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I have spent most of my life with a dysregulated nervous system.
In adulthood, I unconsciously surfed from one toxic relationship to another, constantly seeking what I needed from outside myself. The baseline for my nervous system dysregulation was established during my rebellious teen years and carried with me into my adult years, yet, research from Dr. Valerie Rein shows that nervous system trauma is passed from mother to child.
We seek what is familiar, so I would seek men who would trigger my nervous system, ensuring I was kept in a constant state of dysregulation. I was living blindly and habitually, unconscious of these patterns.
I can best describe the feeling of dysregulation as a constant buzzing feeling within. I was never settled; I was always on guard, ready for the next shoe to drop. This buzzing was the baseline for my nervous system: indecisiveness, forgetfulness, insecurities, lack of appetite, and anxiety were common attributes for me at that time.
My intuition was completely disabled; I was far removed from truly knowing myself and what I wanted.
I lived primarily in survival mode, suffocating myself.
One of the reasons I did not see this happening was because, since the age of 22, I had been practicing Ashtanga Yoga and Transcendental Meditation. I thought that by integrating these practices in my life, I was stable, calm, and okay.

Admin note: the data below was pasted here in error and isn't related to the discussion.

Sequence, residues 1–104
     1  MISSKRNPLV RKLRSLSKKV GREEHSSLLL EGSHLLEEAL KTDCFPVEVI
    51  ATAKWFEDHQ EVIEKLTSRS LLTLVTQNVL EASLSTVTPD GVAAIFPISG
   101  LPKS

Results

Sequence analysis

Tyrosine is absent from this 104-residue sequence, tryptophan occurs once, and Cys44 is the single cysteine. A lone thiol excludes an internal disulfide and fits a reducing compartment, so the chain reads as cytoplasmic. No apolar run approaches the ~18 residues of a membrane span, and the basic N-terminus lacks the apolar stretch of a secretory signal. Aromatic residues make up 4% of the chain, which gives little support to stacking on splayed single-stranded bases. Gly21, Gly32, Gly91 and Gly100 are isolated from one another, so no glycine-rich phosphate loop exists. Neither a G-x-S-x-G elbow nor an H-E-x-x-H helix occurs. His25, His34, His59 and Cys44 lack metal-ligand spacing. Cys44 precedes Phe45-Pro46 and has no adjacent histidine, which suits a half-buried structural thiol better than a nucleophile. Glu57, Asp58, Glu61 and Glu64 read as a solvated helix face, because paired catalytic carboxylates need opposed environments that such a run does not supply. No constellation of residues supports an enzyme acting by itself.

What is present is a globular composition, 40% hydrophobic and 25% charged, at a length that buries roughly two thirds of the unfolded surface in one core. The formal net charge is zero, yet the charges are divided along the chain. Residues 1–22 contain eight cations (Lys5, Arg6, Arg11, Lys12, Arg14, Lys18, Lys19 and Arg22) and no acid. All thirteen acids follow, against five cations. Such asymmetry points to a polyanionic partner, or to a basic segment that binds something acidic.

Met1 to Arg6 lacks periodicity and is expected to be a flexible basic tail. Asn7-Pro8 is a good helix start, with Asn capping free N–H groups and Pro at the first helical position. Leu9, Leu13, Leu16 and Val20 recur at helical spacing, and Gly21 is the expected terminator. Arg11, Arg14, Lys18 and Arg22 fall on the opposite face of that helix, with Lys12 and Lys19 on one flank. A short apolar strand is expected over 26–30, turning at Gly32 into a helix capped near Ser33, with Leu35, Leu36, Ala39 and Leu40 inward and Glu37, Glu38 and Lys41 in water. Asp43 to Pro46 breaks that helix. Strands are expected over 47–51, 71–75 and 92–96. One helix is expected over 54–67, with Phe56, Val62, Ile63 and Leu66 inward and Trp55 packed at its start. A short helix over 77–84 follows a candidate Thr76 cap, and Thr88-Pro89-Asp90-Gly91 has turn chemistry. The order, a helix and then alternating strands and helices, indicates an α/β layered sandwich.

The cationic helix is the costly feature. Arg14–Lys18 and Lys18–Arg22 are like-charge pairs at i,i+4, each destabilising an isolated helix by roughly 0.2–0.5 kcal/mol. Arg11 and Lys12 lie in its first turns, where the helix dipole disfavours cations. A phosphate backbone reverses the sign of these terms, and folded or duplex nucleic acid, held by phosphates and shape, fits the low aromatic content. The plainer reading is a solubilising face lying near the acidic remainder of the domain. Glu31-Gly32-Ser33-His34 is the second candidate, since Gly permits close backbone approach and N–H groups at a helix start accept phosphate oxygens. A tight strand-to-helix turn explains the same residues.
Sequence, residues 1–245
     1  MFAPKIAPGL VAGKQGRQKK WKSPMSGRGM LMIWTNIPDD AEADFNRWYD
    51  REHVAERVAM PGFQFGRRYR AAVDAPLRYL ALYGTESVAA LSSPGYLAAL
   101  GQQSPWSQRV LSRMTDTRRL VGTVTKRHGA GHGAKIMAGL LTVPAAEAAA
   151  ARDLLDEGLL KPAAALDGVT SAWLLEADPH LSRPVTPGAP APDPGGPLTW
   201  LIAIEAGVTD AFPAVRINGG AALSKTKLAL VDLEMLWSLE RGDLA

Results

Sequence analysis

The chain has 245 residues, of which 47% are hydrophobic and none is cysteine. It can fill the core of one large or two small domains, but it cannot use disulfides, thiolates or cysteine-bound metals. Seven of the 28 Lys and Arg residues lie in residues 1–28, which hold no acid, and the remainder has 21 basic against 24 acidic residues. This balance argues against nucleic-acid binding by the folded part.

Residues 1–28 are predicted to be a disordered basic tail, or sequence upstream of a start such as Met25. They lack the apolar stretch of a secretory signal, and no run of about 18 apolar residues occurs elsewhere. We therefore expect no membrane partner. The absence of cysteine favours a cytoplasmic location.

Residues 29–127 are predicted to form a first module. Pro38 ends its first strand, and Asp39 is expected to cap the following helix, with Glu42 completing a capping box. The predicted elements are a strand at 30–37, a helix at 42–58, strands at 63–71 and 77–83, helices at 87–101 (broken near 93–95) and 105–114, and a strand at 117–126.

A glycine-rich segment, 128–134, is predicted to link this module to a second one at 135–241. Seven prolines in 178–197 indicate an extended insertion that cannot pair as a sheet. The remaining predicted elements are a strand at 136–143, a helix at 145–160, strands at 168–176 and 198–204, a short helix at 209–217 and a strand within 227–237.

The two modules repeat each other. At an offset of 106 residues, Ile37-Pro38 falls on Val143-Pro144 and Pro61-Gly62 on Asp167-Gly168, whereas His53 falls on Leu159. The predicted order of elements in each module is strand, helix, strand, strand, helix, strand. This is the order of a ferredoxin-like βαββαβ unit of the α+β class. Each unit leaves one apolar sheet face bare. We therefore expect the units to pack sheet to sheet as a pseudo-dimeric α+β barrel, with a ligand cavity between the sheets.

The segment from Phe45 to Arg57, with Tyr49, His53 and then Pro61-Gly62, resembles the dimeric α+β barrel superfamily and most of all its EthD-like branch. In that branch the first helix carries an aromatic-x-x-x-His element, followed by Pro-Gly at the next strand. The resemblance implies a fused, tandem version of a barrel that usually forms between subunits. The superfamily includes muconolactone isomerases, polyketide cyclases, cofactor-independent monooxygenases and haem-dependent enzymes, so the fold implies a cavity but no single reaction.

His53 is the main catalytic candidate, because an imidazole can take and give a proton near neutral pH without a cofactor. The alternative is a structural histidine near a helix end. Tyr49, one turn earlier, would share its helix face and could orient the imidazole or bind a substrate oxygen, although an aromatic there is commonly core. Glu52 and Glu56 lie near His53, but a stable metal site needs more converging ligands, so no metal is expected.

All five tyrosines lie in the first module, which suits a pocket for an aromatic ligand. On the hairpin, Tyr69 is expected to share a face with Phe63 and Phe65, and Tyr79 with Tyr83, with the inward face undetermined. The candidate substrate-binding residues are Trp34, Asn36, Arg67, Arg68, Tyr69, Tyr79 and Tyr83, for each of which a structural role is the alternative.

However, because I was unconsciously unaware of the state of my nervous system, I was not able to consciously choose what was best for me.
In doing research for my Elephant article, “Cold Showers Make me a Better Parent,” I searched for a connection between why exposure to consistent cold showers reduced my emotional reactions and rage as a mother.
All my research led me in the direction of the Polyvagal Theory and the vagus nerve—the topic is massive, and can be difficult to comprehend and apply.
I’ve found that Deb Dana, LSCW presented the easiest way to understand the vagus nerve in her book: The PolyVagal Theory in Therapy.
She describes the vagus nerve and the autonomic nervous system as a ladder with three rungs:
Ventral Vagal (Top of the Ladder)
The top of the ladder is when we feel safe—when we are connecting, social, grounded, in tune with ourselves, and able to hear our intuition.
Sympathetic Nervous System (Middle of the Ladder)
Moving down the ladder is the sympathetic nervous system. This is the in-between state where we find anxiety, worry, an increased heart rate, and our fight or flight mode. This is where our system becomes flooded.
Dorsal Vagal Nerve (Bottom of the Ladder)
At the bottom of the ladder is where we experience complete lack of awareness; where we become immobilized, depressed, and completely disconnected from ourselves and others. This is our reptilian brain.
Deb Dana describes that throughout the day we move up and down the ladder and usually, when something triggers us, we get sent down the ladder. The purpose of understanding the autonomic nervous system is to bring consciousness to your nervous system throughout the day, so you can pull yourself back up the ladder as you are triggered. Consciousness and awareness of my nervous system are what I lacked for most of my early adult life.